# More on Half-Planes

Let us understand in more detail how linear inequations correspond to half-planes. First, consider an arbitrary linear equation, which we can always write as follows:

\[y=mx+b\;\;\;\;\;\;\;\;\;(how?)\]

Suppose that the graph of this equation is the following line:

Now, let us take a point *A *in the *upper* half-plane, and the point *B* which lies vertically below it on the line, as shown:

Note that since *A* and *B *are *vertically aligned*, they will have the same *x* coordinates. Let’s assume the coordinates of these two points as follows:

\[A \equiv \left({h,\;{k_1}} \right),\,\,\,B \equiv \left( {h,\;{k_2}} \right)\]

We note that the coordinates of the point *B* must satisfy the equation of the line, since it lies on the line:

\[{k_2} = mh + b\]

We further note that the *y *coordinate of *A* must be greater than the *y* coordinate of *B*, since *A* lies *above* *B*. Thus, we can say that

\[{k_1} > {k_2}\]

This further means that

\[{k_1}> mh + b\]

We therefore note that *every *point which lies in the *upper* half-plane will satisfy the linear inequation

\[y > mx + b\]

Similarly, every point lying in the *lower* half-plane will satisfy the linear inequation

\[y < mx + b\]

And of course, any point lying *exactly **on* the line will satisfy the linear *equation*

\[y = mx + b\]

We note the following two special cases:

### (1) Horizontal Line

If a line is horizontal, we have seen that it will have an equation of the form \(y= k,\) where *k* is a constant. In this case, the upper half-plane will correspond to the inequation \(y > k,\) while the lower half-plane will correspond to the inequation \(y < k\). This is shown in the following figure:

### (2) Vertical Line

If a line is vertical, we have seen that it will have an equation of the form \(x= k\) where *k* is a constant. In this case, the right half-plane will correspond the inequation \(x > k\), while the left half-plane will correspond to the inequation \(x < k\). This is shown in the following figure:

**Example 1: **Plot the graph of the line \(x - 2y = 1\), and find out the inequations corresponding to the *upper* and *lower* half-planes.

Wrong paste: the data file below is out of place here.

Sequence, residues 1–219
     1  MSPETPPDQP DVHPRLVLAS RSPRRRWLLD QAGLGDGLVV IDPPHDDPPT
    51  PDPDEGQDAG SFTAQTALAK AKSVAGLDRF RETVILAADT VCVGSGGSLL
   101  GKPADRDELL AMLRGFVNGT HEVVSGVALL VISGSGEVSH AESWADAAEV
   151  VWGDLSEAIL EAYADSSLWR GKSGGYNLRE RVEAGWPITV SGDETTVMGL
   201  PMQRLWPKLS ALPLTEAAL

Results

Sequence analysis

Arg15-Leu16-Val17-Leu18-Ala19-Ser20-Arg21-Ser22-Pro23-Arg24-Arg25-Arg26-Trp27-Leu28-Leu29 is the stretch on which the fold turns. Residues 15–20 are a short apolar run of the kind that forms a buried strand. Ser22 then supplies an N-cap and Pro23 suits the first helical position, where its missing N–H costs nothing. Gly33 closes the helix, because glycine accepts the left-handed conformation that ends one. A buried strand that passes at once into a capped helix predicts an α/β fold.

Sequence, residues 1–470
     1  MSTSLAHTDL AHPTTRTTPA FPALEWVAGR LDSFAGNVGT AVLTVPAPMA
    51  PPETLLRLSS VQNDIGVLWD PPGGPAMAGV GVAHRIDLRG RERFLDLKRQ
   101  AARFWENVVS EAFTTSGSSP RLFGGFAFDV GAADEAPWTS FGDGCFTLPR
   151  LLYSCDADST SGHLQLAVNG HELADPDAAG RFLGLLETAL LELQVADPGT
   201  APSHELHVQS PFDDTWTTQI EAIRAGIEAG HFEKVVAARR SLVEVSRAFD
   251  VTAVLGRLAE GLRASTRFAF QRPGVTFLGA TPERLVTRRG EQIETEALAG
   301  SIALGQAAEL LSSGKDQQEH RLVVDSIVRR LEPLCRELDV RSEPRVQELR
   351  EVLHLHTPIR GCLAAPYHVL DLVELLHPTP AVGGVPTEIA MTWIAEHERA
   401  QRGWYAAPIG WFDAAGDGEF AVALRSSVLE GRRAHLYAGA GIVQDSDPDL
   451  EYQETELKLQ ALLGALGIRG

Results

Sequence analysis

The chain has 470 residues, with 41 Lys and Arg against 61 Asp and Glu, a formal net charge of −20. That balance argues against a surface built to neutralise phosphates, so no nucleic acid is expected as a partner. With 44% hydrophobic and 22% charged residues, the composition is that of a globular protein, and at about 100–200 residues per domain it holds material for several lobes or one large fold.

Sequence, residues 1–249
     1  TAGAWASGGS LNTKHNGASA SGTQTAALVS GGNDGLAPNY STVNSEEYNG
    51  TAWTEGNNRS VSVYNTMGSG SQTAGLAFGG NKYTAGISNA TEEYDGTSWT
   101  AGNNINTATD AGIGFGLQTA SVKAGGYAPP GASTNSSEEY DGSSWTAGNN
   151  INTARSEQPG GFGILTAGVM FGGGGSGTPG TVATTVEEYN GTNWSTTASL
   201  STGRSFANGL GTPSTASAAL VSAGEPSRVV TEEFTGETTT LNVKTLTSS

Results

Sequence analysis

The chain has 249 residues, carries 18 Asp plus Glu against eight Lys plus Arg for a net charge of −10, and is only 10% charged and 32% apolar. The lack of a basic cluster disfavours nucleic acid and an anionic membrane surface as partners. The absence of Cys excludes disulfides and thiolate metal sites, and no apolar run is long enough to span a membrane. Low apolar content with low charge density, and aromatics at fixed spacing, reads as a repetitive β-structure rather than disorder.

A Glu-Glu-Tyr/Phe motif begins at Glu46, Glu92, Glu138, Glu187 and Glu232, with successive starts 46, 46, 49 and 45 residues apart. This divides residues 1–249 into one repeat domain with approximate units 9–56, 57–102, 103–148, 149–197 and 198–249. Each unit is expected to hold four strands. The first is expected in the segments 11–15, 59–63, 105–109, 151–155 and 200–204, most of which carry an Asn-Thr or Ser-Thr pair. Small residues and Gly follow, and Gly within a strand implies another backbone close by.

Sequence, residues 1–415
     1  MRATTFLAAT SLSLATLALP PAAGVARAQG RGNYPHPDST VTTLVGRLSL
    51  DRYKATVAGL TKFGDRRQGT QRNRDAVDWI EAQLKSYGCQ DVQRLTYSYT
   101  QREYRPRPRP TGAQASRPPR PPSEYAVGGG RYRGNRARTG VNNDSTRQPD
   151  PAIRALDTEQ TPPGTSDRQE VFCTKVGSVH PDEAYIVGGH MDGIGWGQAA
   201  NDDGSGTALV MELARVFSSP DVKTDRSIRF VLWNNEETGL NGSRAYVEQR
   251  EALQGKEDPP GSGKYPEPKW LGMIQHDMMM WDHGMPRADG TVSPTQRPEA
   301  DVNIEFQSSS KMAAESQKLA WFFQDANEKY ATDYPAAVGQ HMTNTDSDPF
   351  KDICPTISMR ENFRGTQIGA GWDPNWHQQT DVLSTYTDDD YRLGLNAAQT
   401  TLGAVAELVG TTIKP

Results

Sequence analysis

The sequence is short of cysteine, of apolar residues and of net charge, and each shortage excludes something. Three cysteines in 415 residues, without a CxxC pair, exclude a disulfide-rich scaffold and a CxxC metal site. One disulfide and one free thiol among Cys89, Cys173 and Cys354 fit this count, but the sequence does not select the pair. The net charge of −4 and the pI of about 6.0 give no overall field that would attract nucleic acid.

**Solution:** First, we find out any two points on the line and draw the graph:

\[\left.\begin{array}{l}x = 1 & \Rightarrow \;\;\;y = 0\\x = - 1 & \Rightarrow \;\;\;y = - 1\end{array}\right\}\,\,\,\,\,\begin{array}{*{20}{c}}{A\left( {1,\;0} \right)}\\{B\left( {- 1,\; - 1} \right)}\end{array}\]

The graph is plotted below:

To determine the inequation corresponding to the upper half-plane, we write the equation of the line as follows:

\[y = \frac{1}{2}x -\frac{1}{2}\]

Now, any point lying in the upperhalf-plane will satisfy

\[\begin{align}&y> \frac{1}{2}x - \frac{1}{2}\\& \Rightarrow \;\;\;2y > x - 1\\& \Rightarrow\;\;\;x - 2y < 1\end{align}\]

On the other hand, any point lying in the lower half-plane will satisfy

\[\begin{align}&y< \frac{1}{2}x - \frac{1}{2}\\& \Rightarrow \;\;\;2y < x - 1\\& \Rightarrow\;\;\;x - 2y > 1\end{align}\]

The following diagram summarizes these facts:

**Example 2: **Plot the half-plane corresponding to the following linear inequation:

\[3x - 4y < 5\]

**Solution:** We first write this inequation as follows:

\[\begin{align}&4y> 3x - 5\\& \Rightarrow \;\;\;y > \frac{3}{4}x - \frac{5}{4} &...\;(*)\end{align}\]

Now, we convert this inequation to an equation:

\[y = \frac{3}{4}x -\frac{5}{4}\]

Next, we plot the line corresponding to this equation. For that, we find out two points on the line:

\[\left.\begin{align}&x = 0\;\; \Rightarrow \;\;y = - \frac{5}{4}\\&x = 3\;\;\Rightarrow \;\;y = 1\end{align} \right\}\begin{array}{*{20}{c}}{A\left( {0,\;- \frac{5}{4}} \right)}\\\!\!\!\!\!\!\!\!\!{B\left( {3,\;1} \right)}\end{array}\]

The plot of the line is shown below:

Finally, the starred inequation will correspond to the *upper* half-plane, as shown below: